Anne Hailes Review: Martha’s Girls

Martha’s Girls
Alrene Hughes

It’s late summer 1939 when the youngest, Sheila finds her father dead in the chair.

A Belfast shipyard carpenter he brought in poor money but essential for his growing family, Martha and his four daughters. Suddenly, without the meager income, with talk of war and unrest between Catholic and Protestent, life changed for the Gouldings in their Joanmount Gardens home. But this is a resourceful family and reading of their growing up and the challenges each one faces is fascinating and often harrowing.

Sheila, the sensitive one searches out a part-time job after school, Irene works in the linen mill hand painting the tablecloths, Pat who’s in Shorts and blessed with a beautiful singing voice, and Peggy serves in Goldstein’s music shop on Royal Avenue. Their individual characters are soon established, love affairs, secret adventures, visits to the Plaza dance hall and then coming together as the singing Golden Sisters who join the Barnstormers to entertain the troops – with a surprise visit from Mr. Churchill to their RAF Aldergrove concert!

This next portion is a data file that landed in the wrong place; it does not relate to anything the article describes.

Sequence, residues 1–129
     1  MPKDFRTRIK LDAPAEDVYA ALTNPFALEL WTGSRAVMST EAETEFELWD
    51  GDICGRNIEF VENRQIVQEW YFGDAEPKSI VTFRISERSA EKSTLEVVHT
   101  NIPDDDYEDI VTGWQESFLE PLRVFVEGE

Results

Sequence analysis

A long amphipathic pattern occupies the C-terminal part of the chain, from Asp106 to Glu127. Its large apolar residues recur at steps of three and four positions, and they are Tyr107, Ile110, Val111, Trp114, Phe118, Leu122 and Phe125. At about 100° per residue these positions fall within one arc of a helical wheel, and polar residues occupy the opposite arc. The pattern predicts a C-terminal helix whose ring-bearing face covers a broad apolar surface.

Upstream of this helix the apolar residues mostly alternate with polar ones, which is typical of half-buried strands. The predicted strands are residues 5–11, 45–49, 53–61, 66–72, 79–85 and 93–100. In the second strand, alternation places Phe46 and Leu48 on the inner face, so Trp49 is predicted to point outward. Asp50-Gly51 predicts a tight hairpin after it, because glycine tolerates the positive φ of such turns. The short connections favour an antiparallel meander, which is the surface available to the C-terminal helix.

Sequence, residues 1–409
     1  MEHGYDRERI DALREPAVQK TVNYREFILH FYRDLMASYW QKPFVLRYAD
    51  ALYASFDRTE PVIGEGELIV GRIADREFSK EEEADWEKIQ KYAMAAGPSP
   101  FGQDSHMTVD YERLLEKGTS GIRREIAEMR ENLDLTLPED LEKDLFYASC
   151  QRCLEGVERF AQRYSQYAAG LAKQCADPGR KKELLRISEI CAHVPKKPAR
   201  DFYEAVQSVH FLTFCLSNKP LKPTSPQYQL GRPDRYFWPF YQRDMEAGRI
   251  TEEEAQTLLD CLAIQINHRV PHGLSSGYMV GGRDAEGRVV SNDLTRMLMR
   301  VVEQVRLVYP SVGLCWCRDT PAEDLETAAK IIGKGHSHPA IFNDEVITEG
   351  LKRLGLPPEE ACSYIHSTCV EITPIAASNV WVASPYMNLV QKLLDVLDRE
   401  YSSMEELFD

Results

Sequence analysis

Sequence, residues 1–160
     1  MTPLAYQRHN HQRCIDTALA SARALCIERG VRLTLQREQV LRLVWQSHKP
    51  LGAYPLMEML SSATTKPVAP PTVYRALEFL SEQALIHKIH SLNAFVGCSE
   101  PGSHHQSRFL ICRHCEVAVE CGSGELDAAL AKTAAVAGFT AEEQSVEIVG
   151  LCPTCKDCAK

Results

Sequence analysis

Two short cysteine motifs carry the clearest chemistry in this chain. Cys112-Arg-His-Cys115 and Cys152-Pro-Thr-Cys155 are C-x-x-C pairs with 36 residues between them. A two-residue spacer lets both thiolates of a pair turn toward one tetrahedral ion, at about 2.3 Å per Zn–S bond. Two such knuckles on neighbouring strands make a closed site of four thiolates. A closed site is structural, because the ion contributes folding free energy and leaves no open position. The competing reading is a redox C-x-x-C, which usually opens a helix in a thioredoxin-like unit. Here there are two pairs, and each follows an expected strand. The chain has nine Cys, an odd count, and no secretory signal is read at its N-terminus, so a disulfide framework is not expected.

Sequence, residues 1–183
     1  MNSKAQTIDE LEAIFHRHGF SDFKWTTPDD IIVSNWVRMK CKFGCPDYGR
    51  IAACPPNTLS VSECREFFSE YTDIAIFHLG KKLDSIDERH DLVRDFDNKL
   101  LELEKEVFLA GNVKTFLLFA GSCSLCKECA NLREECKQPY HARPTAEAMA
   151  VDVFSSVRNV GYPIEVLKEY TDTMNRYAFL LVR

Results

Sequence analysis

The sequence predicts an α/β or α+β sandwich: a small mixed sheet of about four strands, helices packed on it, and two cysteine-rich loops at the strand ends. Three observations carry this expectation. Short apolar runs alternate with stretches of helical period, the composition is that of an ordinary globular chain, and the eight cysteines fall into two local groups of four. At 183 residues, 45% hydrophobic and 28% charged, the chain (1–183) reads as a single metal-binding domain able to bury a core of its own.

Historical facts are accurate, air raids vivid and horrifying, the late Joe Kavanagh’s ‘I Buy Anything’ shop in Smithfield, clandestine meetings in Whites Tavern, the luxuary of Robbs department store, this book is a delight to those who remember and an education to those who don’t.

It’s inspired by a family scrapbook of concert programmes and newspaper cuttings about the actual Golden Sisters, Alrene Hughes’ mother and aunts.

Anne Hailes

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Post Author: Belfast Times

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